Then there is the accusation that Israel committed war crimes by using “excessive” force and causing “disproportionate” civilian deaths compared to the number of Israelis who died due to Hamas rockets.

What would have been the reaction of most Americans (or most of the civilized world, for that matter) if someone had made the charge that the U.S. and its military forces were guilty of war crimes after Sept. 11, 2001, because, while bombing al Qaeda and the Taliban government harboring it in Afghanistan, “excessive” numbers of civilians were tragically but inadvertently killed — because the number killed exceeded the 3,000 people who died on 9/11?

I suggest the reaction would have been, universally, “That is nuts.”

Yet where is that universal reaction when the same charge of “excessive” or “disproportionate” force is made against Israel in defending itself against Hamas and civilian deaths are unintentional? Only silence, it seems.

The double standard again.

When the IDF returned Hamas rocket fire launched in close proximity to an U.N. Relief and Works Agency (UNRWA) school compound in Jibalya, some IDF shells mistakenly landed within the compound and tragically killed and wounded innocent civilians and children. The Israeli government expressed sorrow and grief for that accident and initiated an investigation into what happened and why.

But a UNRWA spokesman named Christopher Gunness was widely quoted in leading U.S. media calling for an investigation of Israel for committing possible war crimes.

Mr. Gunness actually insisted — I am not making this up — that there is an important distinction between Hamas fighters launching terrorist rockets from just within the compound, which could not be confirmed, versus launching such rockets from just outside of the compound, which was widely confirmed as true. Yet because Hamas was launching just outside the fence, Mr. Gunness did not think it necessary to call for an investigation of Hamas for committing war crimes.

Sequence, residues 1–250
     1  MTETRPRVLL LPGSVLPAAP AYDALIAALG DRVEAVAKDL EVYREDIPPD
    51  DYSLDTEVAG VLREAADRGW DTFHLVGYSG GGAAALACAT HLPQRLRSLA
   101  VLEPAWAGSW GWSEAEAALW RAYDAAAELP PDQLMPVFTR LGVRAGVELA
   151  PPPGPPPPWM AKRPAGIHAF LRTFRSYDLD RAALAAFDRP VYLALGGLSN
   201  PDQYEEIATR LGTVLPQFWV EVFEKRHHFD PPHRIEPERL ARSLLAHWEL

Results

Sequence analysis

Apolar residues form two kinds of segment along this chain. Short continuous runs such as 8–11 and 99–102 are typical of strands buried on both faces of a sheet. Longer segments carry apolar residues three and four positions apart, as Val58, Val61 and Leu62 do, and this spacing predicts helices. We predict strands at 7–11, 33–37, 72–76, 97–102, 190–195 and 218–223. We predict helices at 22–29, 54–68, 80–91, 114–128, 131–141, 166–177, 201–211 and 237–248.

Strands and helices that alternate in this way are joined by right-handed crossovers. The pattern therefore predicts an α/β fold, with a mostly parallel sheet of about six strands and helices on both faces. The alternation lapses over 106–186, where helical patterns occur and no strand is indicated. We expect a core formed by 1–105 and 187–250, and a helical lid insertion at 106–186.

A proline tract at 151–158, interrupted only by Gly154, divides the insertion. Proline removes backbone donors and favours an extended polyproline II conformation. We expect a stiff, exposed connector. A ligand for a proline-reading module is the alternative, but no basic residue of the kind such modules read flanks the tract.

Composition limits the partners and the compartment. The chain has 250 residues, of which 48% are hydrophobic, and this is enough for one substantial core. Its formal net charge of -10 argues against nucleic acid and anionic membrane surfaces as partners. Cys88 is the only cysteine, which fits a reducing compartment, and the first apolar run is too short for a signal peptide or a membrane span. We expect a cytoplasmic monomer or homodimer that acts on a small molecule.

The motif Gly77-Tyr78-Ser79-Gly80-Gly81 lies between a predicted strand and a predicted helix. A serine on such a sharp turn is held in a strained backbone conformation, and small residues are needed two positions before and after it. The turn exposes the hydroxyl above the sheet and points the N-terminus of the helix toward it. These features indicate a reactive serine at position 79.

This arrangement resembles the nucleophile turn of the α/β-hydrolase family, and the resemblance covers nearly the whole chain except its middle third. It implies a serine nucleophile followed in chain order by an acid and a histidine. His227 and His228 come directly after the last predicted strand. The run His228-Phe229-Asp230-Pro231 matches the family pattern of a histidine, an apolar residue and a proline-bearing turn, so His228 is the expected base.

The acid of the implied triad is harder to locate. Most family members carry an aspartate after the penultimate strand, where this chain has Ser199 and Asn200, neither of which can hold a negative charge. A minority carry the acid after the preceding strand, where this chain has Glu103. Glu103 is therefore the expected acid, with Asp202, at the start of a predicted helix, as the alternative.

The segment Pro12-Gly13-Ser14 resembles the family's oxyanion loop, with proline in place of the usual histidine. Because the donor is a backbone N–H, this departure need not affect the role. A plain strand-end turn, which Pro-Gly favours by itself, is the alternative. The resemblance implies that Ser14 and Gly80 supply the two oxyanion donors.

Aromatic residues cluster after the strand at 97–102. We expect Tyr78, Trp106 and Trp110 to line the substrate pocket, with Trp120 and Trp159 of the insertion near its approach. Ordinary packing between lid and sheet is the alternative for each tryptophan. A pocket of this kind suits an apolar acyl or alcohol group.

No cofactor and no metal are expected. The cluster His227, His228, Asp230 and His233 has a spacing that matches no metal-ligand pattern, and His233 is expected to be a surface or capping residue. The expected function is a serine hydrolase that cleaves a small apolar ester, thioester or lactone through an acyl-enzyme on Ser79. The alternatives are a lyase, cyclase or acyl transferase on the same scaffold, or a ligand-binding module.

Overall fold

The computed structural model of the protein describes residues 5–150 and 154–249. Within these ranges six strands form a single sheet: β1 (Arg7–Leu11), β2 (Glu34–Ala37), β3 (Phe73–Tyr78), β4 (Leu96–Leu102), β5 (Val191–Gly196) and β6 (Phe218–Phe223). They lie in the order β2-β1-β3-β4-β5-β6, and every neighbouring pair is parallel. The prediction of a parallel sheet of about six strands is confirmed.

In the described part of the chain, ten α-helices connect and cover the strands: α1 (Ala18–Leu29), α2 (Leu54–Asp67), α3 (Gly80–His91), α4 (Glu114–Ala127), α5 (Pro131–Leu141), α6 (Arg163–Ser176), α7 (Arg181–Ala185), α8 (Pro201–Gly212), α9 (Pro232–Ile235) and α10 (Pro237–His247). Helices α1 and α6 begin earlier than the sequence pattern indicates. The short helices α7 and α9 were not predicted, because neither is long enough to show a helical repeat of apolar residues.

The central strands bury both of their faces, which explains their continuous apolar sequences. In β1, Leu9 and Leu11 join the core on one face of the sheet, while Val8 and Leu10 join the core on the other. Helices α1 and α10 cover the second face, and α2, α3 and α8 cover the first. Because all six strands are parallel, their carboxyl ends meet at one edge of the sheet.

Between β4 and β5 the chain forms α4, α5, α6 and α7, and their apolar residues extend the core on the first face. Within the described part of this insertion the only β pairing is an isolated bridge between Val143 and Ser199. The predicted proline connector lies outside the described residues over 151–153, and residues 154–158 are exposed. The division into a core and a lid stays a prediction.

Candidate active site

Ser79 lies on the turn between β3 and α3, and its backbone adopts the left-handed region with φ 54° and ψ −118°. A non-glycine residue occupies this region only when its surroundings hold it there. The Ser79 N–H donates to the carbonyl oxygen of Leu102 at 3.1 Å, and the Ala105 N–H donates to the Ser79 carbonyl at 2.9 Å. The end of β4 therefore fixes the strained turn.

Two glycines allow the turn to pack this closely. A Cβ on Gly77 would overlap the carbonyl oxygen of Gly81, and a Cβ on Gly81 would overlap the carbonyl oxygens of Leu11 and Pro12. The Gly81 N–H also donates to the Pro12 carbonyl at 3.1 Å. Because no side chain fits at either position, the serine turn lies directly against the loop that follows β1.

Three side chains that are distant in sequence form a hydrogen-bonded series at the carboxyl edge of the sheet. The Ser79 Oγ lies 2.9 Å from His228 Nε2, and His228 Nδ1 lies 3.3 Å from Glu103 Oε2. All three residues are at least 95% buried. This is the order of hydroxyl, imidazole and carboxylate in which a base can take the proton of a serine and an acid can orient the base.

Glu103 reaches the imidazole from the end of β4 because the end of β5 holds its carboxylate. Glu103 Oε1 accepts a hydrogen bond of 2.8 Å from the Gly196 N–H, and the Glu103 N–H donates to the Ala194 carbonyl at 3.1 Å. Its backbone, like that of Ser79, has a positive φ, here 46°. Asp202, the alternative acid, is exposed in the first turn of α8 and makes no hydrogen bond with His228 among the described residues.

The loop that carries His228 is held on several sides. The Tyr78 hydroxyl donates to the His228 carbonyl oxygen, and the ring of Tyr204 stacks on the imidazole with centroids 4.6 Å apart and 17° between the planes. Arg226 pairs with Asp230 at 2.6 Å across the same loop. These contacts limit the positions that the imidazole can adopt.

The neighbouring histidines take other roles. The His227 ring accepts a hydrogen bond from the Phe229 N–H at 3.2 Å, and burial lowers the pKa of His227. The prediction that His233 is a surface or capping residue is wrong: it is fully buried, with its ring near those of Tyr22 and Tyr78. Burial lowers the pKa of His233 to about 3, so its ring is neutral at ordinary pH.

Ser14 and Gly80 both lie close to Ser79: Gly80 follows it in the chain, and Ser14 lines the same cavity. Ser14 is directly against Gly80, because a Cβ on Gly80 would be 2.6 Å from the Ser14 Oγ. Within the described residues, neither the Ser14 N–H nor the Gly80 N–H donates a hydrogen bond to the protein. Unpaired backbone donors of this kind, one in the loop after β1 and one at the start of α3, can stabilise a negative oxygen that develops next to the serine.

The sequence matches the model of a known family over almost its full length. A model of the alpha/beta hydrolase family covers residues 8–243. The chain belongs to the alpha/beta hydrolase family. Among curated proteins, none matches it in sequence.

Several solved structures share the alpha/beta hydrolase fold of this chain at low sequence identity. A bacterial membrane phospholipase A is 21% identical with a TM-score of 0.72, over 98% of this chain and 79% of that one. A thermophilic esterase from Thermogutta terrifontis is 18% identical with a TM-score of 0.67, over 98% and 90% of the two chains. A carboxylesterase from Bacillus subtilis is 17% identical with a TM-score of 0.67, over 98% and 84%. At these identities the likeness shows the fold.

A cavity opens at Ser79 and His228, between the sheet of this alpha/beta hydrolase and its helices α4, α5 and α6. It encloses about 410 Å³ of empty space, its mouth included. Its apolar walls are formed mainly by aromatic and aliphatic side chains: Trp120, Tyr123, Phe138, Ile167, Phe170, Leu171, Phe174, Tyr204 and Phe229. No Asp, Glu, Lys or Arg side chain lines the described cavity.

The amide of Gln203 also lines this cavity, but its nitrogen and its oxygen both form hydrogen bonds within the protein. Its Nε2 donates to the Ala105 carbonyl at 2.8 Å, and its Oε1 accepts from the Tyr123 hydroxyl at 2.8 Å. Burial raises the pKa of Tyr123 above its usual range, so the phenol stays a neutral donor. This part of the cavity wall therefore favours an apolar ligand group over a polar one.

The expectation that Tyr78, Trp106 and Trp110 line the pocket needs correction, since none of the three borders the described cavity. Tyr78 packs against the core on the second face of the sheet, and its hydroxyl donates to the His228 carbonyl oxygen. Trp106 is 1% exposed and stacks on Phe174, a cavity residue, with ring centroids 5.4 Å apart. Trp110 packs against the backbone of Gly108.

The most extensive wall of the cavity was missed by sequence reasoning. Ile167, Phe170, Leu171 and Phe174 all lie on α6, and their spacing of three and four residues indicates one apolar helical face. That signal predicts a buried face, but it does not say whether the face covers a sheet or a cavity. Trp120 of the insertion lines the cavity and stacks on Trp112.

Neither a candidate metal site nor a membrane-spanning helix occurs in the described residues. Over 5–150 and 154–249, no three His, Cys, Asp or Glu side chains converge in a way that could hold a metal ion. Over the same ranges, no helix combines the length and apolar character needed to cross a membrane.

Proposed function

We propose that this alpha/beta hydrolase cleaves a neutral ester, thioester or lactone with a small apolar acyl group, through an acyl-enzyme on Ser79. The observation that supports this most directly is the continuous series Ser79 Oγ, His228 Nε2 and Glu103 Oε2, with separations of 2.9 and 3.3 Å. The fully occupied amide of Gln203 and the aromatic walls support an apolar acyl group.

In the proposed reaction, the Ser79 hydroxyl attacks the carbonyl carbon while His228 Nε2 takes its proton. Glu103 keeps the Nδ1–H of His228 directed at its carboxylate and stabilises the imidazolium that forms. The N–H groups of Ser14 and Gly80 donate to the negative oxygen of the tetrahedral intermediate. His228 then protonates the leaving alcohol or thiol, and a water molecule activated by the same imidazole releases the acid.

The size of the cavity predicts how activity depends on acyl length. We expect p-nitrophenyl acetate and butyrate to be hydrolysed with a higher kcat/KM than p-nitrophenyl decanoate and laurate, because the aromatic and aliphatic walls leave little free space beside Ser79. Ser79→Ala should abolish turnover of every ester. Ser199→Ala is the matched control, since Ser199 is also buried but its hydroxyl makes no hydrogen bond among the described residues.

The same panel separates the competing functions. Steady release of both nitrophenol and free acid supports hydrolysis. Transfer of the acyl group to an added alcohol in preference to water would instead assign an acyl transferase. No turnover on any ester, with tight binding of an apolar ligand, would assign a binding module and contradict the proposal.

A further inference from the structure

That’s more than a double standard. It is gross hypocrisy — supported by hundreds of millions of U.S. tax dollars in a non-transparent, largely unaccountable U.N. agency. Legislation is being considered in the Congress to bring more transparency and accountability for UNRWA. That is long overdue.

Benjamin Netanyahu, who may be the next prime minister of Israel, summarized the situation very well when he told The Wall Street Journal over the weekend:

“We grieve every child, for every innocent civilian that’s killed either on our side or on the Palestinian side. The terrorists celebrate such suffering, on our side because they openly say they want to kill us, all of us, and on the Palestinian side because it helps them foster this false symmetry, which is contrary to common decency and international law.”

Mr. Obama, Mrs. Clinton and Mr. Mitchell will need to devote much attention and effort and apply all their skills and energy to bring about peace in the Middle East. But if they are to have any chance at all, the world’s leaders must abandon the double standard and apply a single standard of justice and fair play to Israel as they would want applied to themselves and other civilized nations.

Only then will those committed to peace in the Middle East have a chance to isolate the terrorists who celebrate death, not life; who intentionally kill innocent civilians; and those in Tehran who fund and supply them.


This article appeared in Mr. Davis's weekly column, "Purple Nation," on Monday, Jan. 26, 2009, in The Washington Times.